Alexander Kristoff gained his second victory of the Tour de France on Sunday, winning the 222km 15th stage from Tallard to Nimes ahead of Australian Heinrich Haussler.
The Norwegian powered through in a sprint finish to deny New Zealander Jack Bauer who came within 100 metres of winning after a breakaway of more than 200km.
Haussler, rebuilding his career with second-tier Swiss team IAM after a hip injury, was second ahead of sprint category leader Peter Sagan of Slovakia.
It was Sagan’s eighth top-four finish at this Tour and 10th inside the top nine, but he still hasn’t won a stage.
Vincenzo Nibali kept the overall lead after finishing in the main pack.
While Katusha’s Kristoff was celebrating, it was cruel luck for tearful Bauer.
Alongside Swiss champion Martin Elmiger, the Kiwi had spent almost the entire race in an escape.
They took off from the start and within 25km had a lead of more than eight minutes.
That eked out to almost nine minutes before the chase began.
It seemed to be all over when the gap came down to 3min with still 60km to ride but the chase was disjointed.
With 8.5km left they still had 45sec on the bunch and it seemed like they might hold on.
Into the final kilometre they had around 12sec and it looked touch and go.
The two riders kept collaborating right to the end and, when they launched the sprint, the peloton was right on their heels.
Bauer had the stronger legs but kept glancing over his shoulder and agonisingly was caught in the last 100m to finish 10th, bursting into tears after crossing the line exhausted.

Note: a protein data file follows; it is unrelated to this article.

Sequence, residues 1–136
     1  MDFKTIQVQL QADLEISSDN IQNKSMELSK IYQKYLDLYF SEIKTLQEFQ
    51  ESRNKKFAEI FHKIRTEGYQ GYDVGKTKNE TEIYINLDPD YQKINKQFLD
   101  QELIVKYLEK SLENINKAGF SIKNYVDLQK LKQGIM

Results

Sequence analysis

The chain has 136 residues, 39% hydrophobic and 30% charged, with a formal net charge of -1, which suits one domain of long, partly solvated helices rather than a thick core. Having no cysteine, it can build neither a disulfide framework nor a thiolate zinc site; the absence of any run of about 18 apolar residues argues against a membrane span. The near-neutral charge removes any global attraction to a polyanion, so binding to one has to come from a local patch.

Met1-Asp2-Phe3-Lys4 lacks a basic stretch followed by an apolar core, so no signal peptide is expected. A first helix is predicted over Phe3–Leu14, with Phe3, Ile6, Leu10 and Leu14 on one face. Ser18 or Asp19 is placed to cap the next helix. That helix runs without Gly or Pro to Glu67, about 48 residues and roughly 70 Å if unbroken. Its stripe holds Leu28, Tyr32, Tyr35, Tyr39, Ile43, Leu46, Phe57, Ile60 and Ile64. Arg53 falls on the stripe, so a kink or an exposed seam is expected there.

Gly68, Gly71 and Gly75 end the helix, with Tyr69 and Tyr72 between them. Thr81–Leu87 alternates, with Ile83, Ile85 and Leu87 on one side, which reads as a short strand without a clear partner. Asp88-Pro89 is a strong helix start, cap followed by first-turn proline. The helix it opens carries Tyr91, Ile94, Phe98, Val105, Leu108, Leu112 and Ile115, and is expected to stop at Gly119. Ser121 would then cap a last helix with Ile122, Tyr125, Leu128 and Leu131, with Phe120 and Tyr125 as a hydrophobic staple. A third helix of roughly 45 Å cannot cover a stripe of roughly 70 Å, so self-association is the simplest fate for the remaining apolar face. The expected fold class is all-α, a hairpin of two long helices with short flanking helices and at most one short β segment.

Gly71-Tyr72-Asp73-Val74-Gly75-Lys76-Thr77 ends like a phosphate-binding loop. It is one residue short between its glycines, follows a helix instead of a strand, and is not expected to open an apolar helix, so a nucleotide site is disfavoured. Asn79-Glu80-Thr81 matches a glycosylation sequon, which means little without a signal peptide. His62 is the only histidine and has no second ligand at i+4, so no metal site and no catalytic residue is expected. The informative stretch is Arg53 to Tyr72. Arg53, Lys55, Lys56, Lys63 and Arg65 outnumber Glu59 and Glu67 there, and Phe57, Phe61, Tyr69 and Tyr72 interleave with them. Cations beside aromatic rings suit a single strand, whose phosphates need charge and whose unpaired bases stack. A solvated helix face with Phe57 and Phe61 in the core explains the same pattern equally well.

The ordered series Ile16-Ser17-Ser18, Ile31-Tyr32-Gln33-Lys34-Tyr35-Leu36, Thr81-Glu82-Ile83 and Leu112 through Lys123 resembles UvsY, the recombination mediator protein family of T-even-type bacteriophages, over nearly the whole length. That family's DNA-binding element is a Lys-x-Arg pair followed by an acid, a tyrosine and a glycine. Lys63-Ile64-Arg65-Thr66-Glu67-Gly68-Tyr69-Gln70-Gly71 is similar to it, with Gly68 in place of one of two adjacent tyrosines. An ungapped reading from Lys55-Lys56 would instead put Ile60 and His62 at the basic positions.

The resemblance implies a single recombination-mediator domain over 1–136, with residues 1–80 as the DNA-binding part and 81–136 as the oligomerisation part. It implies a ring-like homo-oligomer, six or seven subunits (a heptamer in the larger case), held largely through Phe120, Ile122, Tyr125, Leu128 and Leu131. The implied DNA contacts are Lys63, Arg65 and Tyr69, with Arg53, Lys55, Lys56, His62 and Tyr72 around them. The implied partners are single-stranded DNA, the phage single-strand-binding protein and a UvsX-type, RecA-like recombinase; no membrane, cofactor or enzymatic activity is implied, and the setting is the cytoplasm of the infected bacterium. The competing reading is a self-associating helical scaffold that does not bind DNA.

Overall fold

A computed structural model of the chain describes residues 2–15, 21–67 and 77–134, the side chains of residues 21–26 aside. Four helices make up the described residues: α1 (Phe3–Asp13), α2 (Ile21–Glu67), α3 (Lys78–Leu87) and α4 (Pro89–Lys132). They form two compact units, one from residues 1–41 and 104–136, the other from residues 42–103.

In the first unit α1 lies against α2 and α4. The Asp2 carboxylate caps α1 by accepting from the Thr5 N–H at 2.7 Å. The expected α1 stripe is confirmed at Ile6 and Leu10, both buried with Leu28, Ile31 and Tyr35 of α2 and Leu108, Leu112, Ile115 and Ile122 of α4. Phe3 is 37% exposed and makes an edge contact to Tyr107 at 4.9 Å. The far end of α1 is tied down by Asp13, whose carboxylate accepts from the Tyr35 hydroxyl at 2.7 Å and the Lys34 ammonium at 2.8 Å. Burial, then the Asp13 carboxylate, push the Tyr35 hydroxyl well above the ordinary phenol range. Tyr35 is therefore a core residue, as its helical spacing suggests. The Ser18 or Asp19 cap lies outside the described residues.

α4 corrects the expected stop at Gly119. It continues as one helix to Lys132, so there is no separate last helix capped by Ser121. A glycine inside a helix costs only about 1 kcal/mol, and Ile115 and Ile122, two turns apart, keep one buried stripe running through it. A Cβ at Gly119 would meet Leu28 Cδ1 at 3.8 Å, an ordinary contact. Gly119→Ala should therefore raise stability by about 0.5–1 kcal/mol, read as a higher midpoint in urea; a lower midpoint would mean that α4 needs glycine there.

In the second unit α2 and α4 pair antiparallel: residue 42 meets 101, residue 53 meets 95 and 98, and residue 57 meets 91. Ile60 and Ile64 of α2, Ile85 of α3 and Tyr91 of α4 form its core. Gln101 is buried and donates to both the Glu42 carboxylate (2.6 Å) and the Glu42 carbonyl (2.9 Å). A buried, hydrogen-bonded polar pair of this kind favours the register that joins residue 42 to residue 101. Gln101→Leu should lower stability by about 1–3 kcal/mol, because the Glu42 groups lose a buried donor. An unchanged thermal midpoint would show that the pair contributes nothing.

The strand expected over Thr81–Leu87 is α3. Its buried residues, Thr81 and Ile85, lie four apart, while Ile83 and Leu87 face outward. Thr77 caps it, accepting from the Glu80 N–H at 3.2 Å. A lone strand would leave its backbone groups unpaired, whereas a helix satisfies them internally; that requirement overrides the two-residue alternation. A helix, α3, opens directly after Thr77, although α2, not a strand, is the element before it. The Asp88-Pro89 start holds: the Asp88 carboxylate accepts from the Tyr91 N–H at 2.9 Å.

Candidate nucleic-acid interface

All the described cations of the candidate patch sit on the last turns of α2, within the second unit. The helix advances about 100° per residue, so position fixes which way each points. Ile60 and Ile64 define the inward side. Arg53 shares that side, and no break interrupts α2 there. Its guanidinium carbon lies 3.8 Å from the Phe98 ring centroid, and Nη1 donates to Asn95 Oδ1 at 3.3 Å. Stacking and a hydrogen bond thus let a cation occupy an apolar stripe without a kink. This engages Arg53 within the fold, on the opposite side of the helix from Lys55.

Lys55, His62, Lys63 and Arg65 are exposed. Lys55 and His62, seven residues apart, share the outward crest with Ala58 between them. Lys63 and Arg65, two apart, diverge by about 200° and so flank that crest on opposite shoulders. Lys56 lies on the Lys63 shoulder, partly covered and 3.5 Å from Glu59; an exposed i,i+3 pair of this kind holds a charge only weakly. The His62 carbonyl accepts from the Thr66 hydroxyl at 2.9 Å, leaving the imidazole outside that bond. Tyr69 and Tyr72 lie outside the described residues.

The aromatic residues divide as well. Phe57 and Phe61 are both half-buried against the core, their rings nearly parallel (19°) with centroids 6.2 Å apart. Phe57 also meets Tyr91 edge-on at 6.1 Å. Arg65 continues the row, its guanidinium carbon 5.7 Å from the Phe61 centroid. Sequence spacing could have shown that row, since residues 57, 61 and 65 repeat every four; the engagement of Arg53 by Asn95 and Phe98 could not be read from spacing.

“It’s just bitter, bitter disappointment. It’s a childhood dream to win a stage of the Tour and for a domestique, like myself, I’m normally working for others,” said the 29-year-old.
“This was my first chance to be up the road and with the chance in the wind and the weather, me and Martin realised we had a chance for the win.
“I faked to be tired but felt I had more punch left. I left it until 400 metres to go. I thought I had it but then I realised in the last 50 metres, that I had nothing.”
Kristoff, who also won Thursday’s 12th stage in Saint-Etienne, said he thought the peloton had left it too late.
“I was scared of course that they would keep ahead but there were some strong pulls at the end by Giant-Shimano to pull them back,” said the 27-year-old.
“At the end I had the best lane but I wasn’t sure I’d win until 100 metres to the finish.”
Race leader Nibali had a relatively calm day in the saddle, maintaining his 4:37 lead over Spain’s Alejandro Valverde with French rider Romain Bardet still third at 4:50.
Nibali may not have been in the action much but he did impress in one instance on a day of strong winds, rain, storms and generally awful weather.
The BMC team of American Tejay Van Garderen had taken up pace-setting duties on a stretch of road where crosswinds were a risk.
Realising the danger, Nibali accelerated alongside the long line of riders to get up to the front and tuck in behind the leading BMC men.
“I didn’t want to lose the right moment to get up front because when there’s wind, you have to be at the front,” he said.
Monday is a rest day and the race finishes in Paris on Sunday.